Secondly, the agency will have objectives in respect of the better-regulation principles which will be set out in the statement of objectives and practices. Those will apply to the Meat Hygiene Service. This amendment usefully requires that the agency will then have to report on its achievements in relation to these standards and objectives in its annual report where it acts as an enforcement authority, which of course includes the Meat Hygiene Service. Therefore, we are setting up a transparent mechanism for monitoring how well the Meat Hygiene Service is doing in those areas and a mechanism on which Parliament itself will also be able to comment.

I turn to the issue of auditing and the way in which the noble Countess believes that that has been unsatisfactory in the past. We expect the audits of the Meat Hygiene Service's performance, which will be carried out by an entirely separate part of the food standards agency, to be rigorous and thorough and not to present a whitewash if there is something wrong.

I also assure the noble Countess that the Meat Hygiene Service will be following the better-regulations enforcement concordat, which it is in the process of signing up to. Therefore, the Meat Hygiene Service will follow the agreed standards of openness, helpfulness, proportionate action and consistency and will have a clear complaints procedure.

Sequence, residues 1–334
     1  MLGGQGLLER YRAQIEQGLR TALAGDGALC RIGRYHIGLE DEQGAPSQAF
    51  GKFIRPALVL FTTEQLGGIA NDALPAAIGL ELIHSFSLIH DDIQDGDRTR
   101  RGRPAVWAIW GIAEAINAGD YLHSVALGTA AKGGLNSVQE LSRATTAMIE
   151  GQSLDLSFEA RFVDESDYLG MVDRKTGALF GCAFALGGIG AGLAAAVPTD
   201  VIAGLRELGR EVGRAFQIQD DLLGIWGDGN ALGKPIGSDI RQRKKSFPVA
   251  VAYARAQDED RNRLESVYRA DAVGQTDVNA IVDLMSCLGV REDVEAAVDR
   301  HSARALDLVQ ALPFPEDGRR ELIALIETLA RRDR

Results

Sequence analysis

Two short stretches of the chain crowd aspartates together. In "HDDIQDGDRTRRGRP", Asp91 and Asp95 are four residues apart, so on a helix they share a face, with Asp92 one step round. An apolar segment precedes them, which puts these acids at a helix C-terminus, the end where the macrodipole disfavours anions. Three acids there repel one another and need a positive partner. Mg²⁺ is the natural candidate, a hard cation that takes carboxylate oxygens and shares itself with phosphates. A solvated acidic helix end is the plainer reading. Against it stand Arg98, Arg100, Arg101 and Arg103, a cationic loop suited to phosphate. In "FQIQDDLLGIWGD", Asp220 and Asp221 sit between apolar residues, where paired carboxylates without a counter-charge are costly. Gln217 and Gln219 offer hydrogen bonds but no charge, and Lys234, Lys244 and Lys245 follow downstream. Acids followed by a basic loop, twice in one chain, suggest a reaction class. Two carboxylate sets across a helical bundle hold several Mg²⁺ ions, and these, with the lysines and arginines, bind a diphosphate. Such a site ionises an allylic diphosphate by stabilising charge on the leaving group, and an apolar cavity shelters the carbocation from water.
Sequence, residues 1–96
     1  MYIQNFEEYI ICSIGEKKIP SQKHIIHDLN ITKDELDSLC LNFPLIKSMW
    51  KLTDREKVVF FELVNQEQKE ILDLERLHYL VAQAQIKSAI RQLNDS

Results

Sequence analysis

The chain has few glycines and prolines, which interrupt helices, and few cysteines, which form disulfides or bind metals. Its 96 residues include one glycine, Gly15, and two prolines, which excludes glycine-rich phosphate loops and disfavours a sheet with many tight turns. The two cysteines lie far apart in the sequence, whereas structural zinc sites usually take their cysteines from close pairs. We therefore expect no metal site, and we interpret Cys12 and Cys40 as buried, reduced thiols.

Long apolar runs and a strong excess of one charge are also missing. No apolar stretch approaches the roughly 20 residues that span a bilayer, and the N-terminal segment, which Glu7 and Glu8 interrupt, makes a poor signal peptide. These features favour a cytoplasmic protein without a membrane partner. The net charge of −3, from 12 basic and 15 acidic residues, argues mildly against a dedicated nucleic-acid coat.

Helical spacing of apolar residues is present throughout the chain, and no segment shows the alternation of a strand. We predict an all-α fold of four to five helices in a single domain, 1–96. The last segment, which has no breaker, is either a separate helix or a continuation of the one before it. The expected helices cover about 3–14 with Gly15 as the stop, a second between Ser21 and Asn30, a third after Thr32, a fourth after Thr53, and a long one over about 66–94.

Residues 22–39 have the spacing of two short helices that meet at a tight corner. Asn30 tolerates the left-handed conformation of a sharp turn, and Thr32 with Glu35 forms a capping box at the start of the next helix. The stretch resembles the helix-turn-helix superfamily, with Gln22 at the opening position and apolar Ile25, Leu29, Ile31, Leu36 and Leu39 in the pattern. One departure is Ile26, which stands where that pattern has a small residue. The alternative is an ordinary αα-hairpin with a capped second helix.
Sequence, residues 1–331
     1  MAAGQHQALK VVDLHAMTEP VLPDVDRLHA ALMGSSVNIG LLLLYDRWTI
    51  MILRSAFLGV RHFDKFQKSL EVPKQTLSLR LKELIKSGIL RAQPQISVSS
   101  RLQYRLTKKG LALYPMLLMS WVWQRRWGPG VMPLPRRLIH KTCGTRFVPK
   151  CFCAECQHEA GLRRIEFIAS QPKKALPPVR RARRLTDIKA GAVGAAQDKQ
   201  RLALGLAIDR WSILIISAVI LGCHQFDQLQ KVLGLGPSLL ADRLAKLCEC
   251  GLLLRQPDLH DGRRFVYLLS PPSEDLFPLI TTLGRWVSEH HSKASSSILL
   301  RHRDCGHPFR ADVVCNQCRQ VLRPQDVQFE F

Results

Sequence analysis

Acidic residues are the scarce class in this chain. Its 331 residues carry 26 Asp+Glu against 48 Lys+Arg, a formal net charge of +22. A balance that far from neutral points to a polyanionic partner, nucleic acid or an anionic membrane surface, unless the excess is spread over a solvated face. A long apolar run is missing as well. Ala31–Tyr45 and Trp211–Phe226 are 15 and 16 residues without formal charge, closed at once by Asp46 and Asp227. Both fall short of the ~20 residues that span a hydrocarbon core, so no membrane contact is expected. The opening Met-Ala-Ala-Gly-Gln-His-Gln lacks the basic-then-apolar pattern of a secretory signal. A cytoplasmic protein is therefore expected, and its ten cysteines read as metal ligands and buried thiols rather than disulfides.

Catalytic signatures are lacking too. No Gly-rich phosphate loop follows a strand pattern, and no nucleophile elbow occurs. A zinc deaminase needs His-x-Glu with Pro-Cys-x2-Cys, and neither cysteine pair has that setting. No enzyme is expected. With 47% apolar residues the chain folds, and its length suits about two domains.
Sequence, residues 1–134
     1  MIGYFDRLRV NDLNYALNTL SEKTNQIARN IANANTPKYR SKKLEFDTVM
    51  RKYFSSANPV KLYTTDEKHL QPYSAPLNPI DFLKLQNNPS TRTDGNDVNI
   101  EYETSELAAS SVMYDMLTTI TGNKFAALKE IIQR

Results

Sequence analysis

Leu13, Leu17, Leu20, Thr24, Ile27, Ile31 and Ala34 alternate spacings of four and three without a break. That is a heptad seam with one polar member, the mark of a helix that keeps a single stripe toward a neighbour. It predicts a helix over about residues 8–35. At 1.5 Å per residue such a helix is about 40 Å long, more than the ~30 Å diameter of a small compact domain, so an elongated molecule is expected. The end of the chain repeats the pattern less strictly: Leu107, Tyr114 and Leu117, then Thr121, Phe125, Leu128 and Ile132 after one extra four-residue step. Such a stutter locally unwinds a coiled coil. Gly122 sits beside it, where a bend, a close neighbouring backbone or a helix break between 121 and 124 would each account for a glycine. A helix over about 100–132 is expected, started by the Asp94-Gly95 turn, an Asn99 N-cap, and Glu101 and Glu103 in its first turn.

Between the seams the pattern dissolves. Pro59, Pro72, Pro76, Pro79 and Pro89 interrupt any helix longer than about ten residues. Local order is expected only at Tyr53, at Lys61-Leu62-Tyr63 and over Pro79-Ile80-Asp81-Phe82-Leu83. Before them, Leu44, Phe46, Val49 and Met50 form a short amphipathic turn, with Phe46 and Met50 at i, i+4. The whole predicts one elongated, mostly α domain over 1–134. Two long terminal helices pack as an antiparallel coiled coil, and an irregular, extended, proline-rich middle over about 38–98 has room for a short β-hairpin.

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In summing up, I reiterate that we believe that the amendment provides a genuinely helpful opportunity to strengthen the ways in which we monitor the Meat Hygiene Service's performance. I fully support it.

Lord Rowallan: My Lords, before the Minister sits down, I am somewhat confused. The amendment tabled by the noble Countess, Lady Mar, refers to "the agency" which is presumably the food standards agency. The Minister has spoken mostly about the Meat Hygiene Service. Will she confirm that it is not necessary to mention the name "Meat Hygiene Service" somewhere in the amendment?

Baroness Hayman: My Lords, I can confirm that. The Meat Hygiene Service is an enforcement authority. The phrase "enforcement authority" is included in the Bill several times, and so that is in fact covered.